This little one laner crossing over the train tracks is tricky as you can’t possibly see anyone approaching from the other side.  This area is kind of famous historically for abandonment  & exodus with the ship railway and Beaubassin practically a stones through away. Over the last 2 decades I’ve only met one person out on the marsh at the end of the pastures and he had travelled over a thousand miles in search of the lands from which his ancestors were expelled from a few hundred years ago. Though I can’t remember any of his family story he had told me which had been past down by word of mouth over the last 300 years, I do though recall being moved by how it touched him. With the world’s highest tides reaching their farthest appendages in this area, I suspect it is the norm for emotions to run rather high, deep, both.   ——– Oh well, moving along.

They built 15 windmills so far and I believe there are 15 more coming soon. it will be interesting to see how they fare in the isthmus once they are activated. I suspect a new energy in the area should stir things up, which is natural.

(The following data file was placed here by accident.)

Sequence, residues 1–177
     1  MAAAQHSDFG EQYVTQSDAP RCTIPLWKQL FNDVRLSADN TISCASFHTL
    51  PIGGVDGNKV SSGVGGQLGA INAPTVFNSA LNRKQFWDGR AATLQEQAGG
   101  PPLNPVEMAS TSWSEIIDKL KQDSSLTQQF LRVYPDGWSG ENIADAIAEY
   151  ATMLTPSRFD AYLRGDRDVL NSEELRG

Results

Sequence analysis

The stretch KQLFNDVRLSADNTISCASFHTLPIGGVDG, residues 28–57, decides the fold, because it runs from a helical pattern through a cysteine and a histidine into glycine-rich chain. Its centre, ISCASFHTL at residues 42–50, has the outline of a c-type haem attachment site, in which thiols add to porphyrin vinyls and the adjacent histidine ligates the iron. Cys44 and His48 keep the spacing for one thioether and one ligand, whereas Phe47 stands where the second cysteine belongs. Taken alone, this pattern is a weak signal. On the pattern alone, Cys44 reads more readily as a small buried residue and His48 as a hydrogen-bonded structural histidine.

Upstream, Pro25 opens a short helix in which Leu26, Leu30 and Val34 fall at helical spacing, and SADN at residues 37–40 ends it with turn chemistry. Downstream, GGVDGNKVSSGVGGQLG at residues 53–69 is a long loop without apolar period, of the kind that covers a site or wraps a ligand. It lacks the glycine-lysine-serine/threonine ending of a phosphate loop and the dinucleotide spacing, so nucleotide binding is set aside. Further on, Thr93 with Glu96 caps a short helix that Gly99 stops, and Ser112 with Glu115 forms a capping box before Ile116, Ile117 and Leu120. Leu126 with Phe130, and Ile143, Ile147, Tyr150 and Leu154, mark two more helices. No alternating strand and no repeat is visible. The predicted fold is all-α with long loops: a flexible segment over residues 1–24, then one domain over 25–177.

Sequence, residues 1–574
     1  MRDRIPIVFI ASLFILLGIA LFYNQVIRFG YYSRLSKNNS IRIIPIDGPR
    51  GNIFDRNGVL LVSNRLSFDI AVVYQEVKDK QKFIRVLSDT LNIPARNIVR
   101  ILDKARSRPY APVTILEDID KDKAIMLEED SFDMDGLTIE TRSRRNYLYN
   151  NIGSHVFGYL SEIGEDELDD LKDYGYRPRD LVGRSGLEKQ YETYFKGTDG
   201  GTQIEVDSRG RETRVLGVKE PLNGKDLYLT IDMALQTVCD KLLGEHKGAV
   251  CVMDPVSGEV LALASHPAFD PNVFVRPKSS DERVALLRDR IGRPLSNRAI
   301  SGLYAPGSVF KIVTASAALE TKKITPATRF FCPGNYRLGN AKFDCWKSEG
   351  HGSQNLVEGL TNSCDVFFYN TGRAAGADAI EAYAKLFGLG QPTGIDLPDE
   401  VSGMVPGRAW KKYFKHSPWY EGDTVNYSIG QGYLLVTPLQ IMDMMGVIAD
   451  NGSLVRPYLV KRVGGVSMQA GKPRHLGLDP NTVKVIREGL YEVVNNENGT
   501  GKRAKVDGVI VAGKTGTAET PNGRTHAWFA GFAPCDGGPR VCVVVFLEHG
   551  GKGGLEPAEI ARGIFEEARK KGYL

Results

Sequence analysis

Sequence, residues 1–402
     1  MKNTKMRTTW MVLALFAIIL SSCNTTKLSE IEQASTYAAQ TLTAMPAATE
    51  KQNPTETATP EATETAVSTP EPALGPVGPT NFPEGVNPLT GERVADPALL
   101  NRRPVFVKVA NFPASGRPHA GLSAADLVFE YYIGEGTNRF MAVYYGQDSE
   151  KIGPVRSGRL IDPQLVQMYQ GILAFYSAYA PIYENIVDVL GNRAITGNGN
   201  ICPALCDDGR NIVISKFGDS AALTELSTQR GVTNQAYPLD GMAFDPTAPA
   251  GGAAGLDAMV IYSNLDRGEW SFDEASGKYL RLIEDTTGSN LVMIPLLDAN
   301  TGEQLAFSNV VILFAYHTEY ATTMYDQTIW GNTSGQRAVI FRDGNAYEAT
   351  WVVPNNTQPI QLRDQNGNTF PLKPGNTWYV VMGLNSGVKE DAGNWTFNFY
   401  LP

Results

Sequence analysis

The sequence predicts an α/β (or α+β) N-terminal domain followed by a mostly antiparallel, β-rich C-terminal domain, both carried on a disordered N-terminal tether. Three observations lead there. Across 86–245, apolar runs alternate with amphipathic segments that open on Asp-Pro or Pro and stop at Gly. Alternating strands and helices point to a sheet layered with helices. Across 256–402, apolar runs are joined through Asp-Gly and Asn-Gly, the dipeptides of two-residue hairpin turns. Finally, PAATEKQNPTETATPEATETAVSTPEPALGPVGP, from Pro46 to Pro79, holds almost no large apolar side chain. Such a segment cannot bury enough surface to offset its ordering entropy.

Shrubby stemicle

26 Feb

It would take quite a few drops from the sun baked roof to create this shady shrub transit masterpiece, really now though, I feel to add that all things are transit masterpieces aren’t they.

Cool local produce

25 Feb

Initially my thought was to collect some Jerusalem artichokes and also to bring a few hopniss tubers inside to grow as house plants.

This area is a section in our yard I devote to some of my favorite wild plants and also a few hardy self-sufficient others which inter-be in this location. Below is a summer view of this area.

Since the ground was still frozen on the snow-covered areas, I decided to check out some of the plants located near the edge of the surrounding buildings.

Here is the biennial, evening primrose.

Some sweet cicely under icy water.